Coleosporium tussilaginis on Tussilago farfara

Aphids & Hawkweeds

September 12, 2021

Prompted by Neil’s observations on Skye, I went looking for a couple of aphid species here on Raasay. I had to walk all of 200 metres from my front gate to find both:

Yarrow Aphid (Macrosiphoniella millefolii) on Yarrow (Achillea millefolium) The pink ones are males.
Large Knapweed Aphids (Uroleucon jaceae) on Knapweed (Centaurea nigra) The black cauda (“tails”) and tibiae (“calves”) distinguish it from Uroleucon jaceicola

My second 2021 batch of Hieracium (Hawkweed) specimens has been determined and it turns out that I had collected lots of the locally common H. triviale (Common Hawkweed) and H. shoolbredii (Shoolbred’s Hawkweed). At least the distribution maps for these are filling out, with these two species accounting for three new 10 km square records this year.

However, I also found H. strictiforme (Strict Hawkweed) near Flodigarry, only the second post-1999 record in the vice-county and Neil took me to see a plant that he found last year galled by the cynipid wasp Aulacidea hiercii. This turns out to be H. subcrocatum (Dark-styled Hawkweed), also only the second post-1999 record in the vice-county.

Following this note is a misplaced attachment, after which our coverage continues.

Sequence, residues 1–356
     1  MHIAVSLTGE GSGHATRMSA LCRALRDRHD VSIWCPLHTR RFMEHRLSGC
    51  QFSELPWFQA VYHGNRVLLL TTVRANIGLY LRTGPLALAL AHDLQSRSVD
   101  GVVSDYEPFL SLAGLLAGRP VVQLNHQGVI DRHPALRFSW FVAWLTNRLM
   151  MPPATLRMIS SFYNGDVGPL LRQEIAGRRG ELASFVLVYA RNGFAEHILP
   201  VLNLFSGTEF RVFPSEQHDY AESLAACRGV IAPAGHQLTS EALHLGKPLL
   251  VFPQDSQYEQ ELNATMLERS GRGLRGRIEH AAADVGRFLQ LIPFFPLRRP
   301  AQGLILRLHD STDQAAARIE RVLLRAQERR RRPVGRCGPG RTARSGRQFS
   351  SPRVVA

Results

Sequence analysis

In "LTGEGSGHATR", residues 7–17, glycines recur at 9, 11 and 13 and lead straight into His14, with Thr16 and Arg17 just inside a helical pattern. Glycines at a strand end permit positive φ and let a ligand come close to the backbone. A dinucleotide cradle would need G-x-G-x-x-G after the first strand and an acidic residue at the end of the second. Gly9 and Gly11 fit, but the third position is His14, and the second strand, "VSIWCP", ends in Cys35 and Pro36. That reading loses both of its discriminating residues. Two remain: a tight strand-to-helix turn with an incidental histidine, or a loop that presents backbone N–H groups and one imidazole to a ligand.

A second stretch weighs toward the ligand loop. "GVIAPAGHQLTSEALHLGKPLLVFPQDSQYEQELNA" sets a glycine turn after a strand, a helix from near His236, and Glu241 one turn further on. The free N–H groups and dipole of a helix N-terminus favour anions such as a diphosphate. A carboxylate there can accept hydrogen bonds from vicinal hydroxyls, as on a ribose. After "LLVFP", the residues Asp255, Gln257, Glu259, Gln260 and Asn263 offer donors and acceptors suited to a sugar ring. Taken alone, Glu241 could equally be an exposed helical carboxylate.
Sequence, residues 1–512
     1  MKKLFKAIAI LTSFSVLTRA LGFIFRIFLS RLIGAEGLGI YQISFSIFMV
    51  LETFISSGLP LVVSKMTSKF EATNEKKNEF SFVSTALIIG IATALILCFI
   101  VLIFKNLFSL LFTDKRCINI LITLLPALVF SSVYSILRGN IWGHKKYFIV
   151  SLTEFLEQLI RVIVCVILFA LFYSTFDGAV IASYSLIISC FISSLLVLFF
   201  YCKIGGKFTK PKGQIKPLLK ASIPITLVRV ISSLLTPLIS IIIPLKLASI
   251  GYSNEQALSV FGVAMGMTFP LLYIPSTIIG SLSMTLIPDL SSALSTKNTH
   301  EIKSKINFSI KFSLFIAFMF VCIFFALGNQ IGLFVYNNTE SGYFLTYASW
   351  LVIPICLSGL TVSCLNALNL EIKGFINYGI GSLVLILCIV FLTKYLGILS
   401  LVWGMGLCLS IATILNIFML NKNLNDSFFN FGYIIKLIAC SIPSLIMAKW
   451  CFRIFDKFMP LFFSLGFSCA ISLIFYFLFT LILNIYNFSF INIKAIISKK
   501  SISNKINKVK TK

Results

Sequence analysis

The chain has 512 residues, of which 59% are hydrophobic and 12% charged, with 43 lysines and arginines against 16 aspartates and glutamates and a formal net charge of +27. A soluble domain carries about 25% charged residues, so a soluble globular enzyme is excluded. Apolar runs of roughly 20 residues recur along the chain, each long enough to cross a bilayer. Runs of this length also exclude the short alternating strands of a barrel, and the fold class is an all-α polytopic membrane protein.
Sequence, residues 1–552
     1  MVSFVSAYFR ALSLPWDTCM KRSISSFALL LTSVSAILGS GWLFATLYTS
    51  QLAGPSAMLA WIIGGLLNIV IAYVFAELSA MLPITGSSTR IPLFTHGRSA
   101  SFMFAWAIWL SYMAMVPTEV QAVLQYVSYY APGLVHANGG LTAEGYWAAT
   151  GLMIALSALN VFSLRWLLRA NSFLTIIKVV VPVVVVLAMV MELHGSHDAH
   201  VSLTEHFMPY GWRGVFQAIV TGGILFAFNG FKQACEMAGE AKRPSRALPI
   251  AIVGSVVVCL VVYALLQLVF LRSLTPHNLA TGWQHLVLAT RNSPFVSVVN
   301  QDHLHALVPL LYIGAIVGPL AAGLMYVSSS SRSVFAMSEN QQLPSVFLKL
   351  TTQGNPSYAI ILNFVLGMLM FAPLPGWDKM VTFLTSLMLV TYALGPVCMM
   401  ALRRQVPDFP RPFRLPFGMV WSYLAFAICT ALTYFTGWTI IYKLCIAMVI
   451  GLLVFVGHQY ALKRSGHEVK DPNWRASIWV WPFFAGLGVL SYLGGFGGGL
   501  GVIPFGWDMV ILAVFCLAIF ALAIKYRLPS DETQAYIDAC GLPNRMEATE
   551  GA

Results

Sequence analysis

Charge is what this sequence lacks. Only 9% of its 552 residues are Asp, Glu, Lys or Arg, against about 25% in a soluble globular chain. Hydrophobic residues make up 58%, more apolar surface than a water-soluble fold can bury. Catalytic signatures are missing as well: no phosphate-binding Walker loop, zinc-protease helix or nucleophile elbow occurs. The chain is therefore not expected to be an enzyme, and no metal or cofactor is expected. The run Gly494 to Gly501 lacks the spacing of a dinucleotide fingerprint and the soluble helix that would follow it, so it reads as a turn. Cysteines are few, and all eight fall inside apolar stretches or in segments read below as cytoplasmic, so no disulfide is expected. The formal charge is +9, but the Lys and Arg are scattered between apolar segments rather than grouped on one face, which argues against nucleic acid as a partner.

Aulacidea hiercii galls on Hieracium subcrocatum (Dark-styled Hawkweed)

Aquatics & Caterpillars

September 10, 2021

A sub-group of Skye Botany Group went to Loch Connan and Loch Niarsco, principally to look for Potamogeton berchtoldii (Small Pondweed), which had been recorded in the NCC Loch Survey in 1989 but not since in the 10 km square NG34. We succeeded in Loch Connan, but not in Loch Niarsco:

Potamogeton berchtoldii (Small Pondweed)

We found Potamogeton alpinus (Red Pondweed) at an old site in Loch Niarsco and also this unusual looking Sparganium that is probably the S. emersum x S. angustifolium hybrid, Sparganium x diversifolium, though a specimen has been sent for expert determination. This would be new to VC104. Later: Determined as most likely diminutive S. emersum – though there was a big patch like this. Disappointing.

On the shore I spotted some leaf mines on Caltha palustris (Marsh-marigold) which Seth determined as being caused by Phytomyza calthophila. This was confirmed by the national scheme recorder as a first for the Inner Hebrides.

And, for something different, recent moth larvae from the garden:

From the top: Angle Shades, Bright-line Brown-eye, Brimstone Moth and Knot Grass

Loch na Crèitheach

September 1, 2021